ElBaradei told some 5,000 protesters in Cairo's Tahrir Square Sunday that they "cannot go back." He called for "a new Egypt" in which every citizen "lives in freedom and dignity."
Tens of thousands of Egyptians were protesting in Cairo's Tahrir Square Monday, defying a government-imposed curfew as they continue to press for an end to President Hosni Mubarak's nearly 30-year rule.
Helicopters flew overhead as protesters called for a million-strong march in Cairo on Tuesday to force Mr. Mubarak's resignation.
They also have called for a general strike, although much of the Egyptian capital already is shut down.
Key Players in Egypt's Crisis
President Hosni Mubarak: The 82-year-old has ruled Egypt for 30 years as leader of the National Democratic Party. With no named successor and in poor health, analysts say the president is grooming his son, Gamal, to succeed him. Egypt's longest-serving president came to power after the assassination of his predecessor, Anwar Sadat.
Minister Omar Suleiman: The head of Egyptian intelligence and a close ally of President Mubarak, Suleiman is seen by some analysts as a possible successor to the president. He earned international respect for his role as a mediator in Middle East affairs and for curbing Islamic extremism.
Mohamed ElBaradei: The Nobel Peace laureate and former Egyptian diplomat has gained international attention as a vocal critic of Mr. Mubarak and his government. Until recently he headed the U.N.'s International Atomic Energy Agency, and he has lived outside Egypt for years. ElBaradei founded the nonpartisan movement National Association for Change, and has offered to lead a transitional administration in Egypt if Mr. Mubarak steps down.
Ayman Nour: The political dissident founded the Al Ghad or "tomorrow" party. Nour ran against Mr. Mubarak in the 2005 election and was later jailed on corruption charges. The government released him in 2009 under pressure from the United States and other members of the international community.
Muslim Brotherhood: The Islamic fundamentalist organization is outlawed in Egypt, but remains the largest opposition group. Its members previously held 20 percent of the seats in parliament, but lost them after a disputed election in late 2010. The group leads a peaceful political and social movement aimed at forming an Islamic state.
Egyptian media say President Mubarak has appointed a new interior minister and finance minister in what analysts say is an apparent attempt to quell angry protesters. The foreign minister and long-serving defense minister kept their posts in the Cabinet shuffle.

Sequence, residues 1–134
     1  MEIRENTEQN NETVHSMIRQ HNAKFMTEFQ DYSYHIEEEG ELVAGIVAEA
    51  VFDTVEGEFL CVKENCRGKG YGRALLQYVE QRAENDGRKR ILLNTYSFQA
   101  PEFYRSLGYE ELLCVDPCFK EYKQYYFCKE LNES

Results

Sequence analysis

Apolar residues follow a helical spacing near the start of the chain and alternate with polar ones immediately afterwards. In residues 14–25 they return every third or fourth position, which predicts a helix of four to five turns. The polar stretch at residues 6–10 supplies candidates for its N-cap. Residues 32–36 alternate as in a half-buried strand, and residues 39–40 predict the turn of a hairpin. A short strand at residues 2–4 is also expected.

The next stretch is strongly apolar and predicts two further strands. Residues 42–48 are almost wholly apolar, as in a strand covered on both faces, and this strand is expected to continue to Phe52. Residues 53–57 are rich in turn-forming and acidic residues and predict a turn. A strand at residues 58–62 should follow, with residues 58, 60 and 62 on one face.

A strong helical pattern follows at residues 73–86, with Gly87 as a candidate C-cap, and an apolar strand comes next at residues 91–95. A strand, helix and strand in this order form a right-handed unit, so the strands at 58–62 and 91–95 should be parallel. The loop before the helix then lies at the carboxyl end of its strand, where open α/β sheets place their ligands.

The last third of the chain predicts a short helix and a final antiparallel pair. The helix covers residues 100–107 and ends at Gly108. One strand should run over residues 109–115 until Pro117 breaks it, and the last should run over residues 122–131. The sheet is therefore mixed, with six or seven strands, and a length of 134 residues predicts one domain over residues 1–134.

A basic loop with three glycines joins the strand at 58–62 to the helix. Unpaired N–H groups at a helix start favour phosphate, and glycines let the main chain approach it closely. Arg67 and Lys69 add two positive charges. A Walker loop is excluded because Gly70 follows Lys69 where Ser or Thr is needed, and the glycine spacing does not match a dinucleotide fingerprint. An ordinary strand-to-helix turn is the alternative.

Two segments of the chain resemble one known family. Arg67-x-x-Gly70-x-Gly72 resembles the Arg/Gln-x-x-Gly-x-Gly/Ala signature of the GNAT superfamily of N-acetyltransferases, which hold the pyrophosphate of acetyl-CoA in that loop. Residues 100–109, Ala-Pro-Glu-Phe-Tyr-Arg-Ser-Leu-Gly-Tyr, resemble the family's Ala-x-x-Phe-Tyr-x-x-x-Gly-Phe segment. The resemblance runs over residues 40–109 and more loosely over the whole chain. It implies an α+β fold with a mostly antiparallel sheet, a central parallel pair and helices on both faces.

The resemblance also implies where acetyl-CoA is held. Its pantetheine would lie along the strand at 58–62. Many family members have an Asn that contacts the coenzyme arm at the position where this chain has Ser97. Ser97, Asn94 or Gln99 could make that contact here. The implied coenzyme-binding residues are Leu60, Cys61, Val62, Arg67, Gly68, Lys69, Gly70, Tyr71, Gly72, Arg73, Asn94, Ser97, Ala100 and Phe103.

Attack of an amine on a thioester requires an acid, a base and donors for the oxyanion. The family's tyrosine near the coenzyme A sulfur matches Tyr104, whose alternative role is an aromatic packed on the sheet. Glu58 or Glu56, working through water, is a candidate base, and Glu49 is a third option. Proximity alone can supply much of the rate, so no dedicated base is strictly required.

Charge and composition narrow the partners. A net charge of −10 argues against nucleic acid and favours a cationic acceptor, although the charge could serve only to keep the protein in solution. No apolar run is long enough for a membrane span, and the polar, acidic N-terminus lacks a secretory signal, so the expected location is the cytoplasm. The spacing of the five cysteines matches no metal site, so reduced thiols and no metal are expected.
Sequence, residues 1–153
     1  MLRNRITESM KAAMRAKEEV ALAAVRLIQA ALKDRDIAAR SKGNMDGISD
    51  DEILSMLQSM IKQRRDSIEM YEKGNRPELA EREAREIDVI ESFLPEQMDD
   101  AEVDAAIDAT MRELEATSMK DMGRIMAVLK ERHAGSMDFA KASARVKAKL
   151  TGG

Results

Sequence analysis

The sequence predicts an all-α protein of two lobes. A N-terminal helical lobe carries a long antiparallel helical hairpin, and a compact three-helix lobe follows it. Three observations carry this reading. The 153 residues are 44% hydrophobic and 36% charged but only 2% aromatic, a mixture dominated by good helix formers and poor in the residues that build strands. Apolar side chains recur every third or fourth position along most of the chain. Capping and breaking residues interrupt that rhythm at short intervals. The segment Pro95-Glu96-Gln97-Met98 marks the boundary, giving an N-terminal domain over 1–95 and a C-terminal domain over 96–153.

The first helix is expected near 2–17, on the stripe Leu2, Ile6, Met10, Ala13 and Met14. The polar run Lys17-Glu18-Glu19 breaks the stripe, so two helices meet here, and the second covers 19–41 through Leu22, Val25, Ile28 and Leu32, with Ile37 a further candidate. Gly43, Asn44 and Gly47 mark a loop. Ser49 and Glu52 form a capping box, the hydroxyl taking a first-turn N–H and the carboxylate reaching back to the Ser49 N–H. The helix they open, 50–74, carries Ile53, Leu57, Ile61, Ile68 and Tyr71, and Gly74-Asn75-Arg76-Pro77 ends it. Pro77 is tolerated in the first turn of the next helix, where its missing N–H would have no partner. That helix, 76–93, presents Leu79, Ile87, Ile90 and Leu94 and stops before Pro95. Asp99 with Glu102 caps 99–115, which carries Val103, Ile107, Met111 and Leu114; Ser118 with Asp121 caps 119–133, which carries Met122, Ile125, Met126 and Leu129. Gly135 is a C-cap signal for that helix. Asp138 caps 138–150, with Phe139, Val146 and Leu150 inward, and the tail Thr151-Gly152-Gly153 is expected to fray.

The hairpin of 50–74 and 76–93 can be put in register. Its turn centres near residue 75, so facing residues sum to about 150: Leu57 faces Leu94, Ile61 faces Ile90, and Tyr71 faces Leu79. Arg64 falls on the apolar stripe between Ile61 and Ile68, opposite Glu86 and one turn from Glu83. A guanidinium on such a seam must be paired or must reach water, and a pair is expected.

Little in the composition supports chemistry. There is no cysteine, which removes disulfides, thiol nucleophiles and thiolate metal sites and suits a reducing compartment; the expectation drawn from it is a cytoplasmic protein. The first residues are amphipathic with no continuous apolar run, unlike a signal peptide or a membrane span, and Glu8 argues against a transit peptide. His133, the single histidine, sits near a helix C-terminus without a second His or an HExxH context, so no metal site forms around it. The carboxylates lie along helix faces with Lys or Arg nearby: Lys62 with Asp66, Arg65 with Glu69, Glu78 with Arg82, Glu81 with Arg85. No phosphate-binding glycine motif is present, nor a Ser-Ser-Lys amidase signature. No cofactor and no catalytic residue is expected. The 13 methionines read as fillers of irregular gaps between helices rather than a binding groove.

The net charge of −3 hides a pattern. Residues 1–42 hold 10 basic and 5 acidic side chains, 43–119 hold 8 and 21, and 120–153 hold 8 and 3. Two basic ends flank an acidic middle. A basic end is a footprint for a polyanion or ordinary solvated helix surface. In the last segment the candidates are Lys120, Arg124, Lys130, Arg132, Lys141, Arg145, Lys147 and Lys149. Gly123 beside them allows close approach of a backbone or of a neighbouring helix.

Reports from Cairo say former director of prisons General Mahmoud Wagdy will replace Habib Adly as the interior minister, who oversees the police and plainclothes domestic security forces. Many Egyptians had been calling for his firing after deadly clashes last week between police and demonstrators.
Police are going back onto the streets Monday, but security sources say they have orders to stick to regular police work without confronting any demonstrators.
Thousands of foreign tourists are crowding Egyptian airports in a bid to flee the turmoil. Several nations have sent evacuation flights into Cairo.
More than 100 people have died during protest violence since Tuesday.
Looting has become a problem in Cairo, and some residents have formed self-defense groups to protect their homes. Egypt's army is continuing its increased presence, with tanks guarding banks and government buildings.
The Al Jazeera television station says authorities detained six of their workers and confiscated their camera equipment. The reporters were later released.
The uprising in Egypt began as a spontaneous, local-level movement but began to seriously organize Sunday when the country's largest opposition group, the outlawed Muslim Brotherhood, threw its support behind Egypt's most prominent democracy advocate, former U.N. nuclear chief Mohamed ElBaradei.
A newly formed opposition coalition, which includes the Islamist movement, has asked ElBaradei to form a national unity government and make contact with Egypt's military.
ElBaradei told some 5,000 protesters in Cairo's Tahrir Square Sunday that they "cannot go back." He called for "a new Egypt" in which every citizen "lives in freedom and dignity." Senior Brotherhood leader Essam el-Erian also addressed the crowd.
El-Erian had walked out of prison earlier in the day after the guards fled. Gangs freed at least 34 members of the Muslim Brotherhood and thousands of other inmates after attacking jails across Egypt and overpowering the guards.